There are other—better—ways to support this kind of interaction and career advancement.

  • Opt for lightning talks of 5 to 7 minutes, which would be just as credible as a poster on a CV and probably more engaging and effective in transferring knowledge.
  • Ask presenters to bring extended abstracts as handouts for people who want more information.
  • Build in networking time (with food!) with the explicit expectation that people with similar research interests can use that time to find each other and chat. When someone has to stand by their poster, they don’t get the opportunity to see others’ posters and find out who is doing similar work.
  • Find ways (like adding a presentation title to name tags or presenters’ photos to the conference program—with consent, of course) to help researchers find each other during that networking time.

What if you have to have a poster session?

As much as I want poster sessions to quietly exit the stage and never come back, I know they are so entrenched in academic orthodoxy that they’ll probably be here for some time. (After all, we have literally decades’ worth of research about how adults learn, but rare is the conference that puts basic principles into practice.)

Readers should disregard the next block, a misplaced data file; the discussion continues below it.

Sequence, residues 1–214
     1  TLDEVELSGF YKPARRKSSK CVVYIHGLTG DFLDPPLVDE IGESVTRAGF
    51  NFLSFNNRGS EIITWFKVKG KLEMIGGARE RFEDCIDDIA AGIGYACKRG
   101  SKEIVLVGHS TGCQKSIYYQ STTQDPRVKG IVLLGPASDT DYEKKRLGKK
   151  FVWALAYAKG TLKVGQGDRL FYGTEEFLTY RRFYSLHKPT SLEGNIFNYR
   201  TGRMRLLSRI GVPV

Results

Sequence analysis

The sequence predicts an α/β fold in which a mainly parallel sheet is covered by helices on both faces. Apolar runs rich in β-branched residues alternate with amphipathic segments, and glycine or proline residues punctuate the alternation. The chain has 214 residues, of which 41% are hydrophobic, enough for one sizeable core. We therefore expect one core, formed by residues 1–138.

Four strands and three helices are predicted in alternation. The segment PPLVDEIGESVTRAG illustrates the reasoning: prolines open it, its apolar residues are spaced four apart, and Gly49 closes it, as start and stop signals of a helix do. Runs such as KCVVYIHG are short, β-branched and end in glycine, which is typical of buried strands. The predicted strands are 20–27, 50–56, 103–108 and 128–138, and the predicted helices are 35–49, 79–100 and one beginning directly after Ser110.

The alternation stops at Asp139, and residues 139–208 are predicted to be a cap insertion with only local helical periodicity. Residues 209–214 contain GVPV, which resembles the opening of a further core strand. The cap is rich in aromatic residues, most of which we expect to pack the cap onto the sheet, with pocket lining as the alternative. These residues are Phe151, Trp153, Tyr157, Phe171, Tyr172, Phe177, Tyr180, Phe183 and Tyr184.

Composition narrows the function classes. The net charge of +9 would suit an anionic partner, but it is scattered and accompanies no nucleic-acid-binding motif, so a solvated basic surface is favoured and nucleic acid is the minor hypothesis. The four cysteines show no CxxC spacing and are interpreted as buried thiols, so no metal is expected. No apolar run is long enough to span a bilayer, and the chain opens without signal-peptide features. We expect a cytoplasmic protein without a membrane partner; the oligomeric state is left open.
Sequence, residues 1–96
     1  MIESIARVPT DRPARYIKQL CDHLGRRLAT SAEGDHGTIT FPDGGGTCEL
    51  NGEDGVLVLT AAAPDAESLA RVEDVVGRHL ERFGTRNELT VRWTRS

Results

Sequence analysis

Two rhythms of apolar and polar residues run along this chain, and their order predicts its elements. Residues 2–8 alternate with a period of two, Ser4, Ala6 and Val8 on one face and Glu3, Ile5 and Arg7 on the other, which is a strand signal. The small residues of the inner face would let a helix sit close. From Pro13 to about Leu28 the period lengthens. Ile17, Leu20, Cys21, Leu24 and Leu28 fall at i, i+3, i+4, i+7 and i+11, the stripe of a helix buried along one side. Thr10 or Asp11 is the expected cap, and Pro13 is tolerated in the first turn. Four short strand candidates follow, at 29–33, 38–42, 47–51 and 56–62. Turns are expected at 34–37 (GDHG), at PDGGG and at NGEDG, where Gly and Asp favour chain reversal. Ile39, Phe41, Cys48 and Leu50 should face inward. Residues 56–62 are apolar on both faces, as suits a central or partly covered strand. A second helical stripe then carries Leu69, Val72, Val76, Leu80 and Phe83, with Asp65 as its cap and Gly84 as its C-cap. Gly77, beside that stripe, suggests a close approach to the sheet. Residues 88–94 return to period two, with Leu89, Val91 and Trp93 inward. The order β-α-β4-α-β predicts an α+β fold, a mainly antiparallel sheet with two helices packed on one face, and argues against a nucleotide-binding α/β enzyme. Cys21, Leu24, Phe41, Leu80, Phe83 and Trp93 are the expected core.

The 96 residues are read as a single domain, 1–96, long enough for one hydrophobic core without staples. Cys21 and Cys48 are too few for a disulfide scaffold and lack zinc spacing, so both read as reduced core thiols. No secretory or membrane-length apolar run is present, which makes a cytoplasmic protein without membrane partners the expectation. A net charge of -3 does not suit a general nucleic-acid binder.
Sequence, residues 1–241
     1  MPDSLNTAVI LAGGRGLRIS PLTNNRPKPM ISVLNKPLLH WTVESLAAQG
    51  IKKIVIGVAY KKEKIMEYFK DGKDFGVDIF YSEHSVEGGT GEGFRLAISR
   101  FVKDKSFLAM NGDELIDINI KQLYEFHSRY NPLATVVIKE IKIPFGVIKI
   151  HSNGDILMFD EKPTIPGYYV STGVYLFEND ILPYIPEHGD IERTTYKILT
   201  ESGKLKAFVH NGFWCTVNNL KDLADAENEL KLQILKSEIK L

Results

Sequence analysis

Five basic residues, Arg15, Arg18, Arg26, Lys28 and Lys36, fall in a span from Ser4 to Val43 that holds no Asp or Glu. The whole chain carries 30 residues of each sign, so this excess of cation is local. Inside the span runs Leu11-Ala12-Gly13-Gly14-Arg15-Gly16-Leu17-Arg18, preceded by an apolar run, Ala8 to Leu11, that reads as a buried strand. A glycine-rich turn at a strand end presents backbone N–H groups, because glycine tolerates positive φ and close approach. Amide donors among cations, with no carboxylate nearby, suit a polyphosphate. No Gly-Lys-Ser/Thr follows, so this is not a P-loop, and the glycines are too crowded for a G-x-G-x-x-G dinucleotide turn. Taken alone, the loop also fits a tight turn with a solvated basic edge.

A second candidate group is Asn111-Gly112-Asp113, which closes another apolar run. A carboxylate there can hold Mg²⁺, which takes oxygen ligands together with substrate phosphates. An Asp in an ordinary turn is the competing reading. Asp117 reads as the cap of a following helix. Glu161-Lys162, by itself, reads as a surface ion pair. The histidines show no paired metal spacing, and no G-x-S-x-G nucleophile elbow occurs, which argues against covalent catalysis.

If you’re a conference organizer and must schedule a poster session, consider:

  • asking presenters to supplement with a one- or two-minute talk to the larger group to introduce their work (the only quasi-effective poster session I’ve ever been to used this format),
  • asking presenters to bring a handout of their key points with references and contact information,
  • printing extended, structured abstracts in the conference program,
  • scheduling poster shifts so that presenters get a chance to circulate and view others’ work,
  • offering presenters the option of either a board for a traditional printed poster or a small table where they can set up a looping slideshow on a laptop to support their presentation,
  • at large conferences, clustering posters on related topics in the same area of the room, and